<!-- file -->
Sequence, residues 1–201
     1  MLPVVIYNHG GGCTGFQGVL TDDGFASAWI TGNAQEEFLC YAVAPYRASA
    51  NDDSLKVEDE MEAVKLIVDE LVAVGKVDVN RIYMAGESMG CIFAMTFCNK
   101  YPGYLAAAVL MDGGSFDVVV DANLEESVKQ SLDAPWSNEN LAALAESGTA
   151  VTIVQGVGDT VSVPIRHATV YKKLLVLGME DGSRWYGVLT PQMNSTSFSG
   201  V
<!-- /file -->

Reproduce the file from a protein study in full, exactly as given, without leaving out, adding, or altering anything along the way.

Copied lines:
Sequence, residues 1–201
     1  MLPVVIYNHG GGCTGFQGVL TDDGFASAWI TGNAQEEFLC YAVAPYRASA
    51  NDDSLKVEDE MEAVKLIVDE LVAVGKVDVN RIYMAGESMG CIFAMTFCNK
   101  YPGYLAAAVL MDGGSFDVVV DANLEESVKQ SLDAPWSNEN LAALAESGTA
   151  VTIVQGVGDT VSVPIRHATV YKKLLVLGME DGSRWYGVLT PQMNSTSFSG
   201  V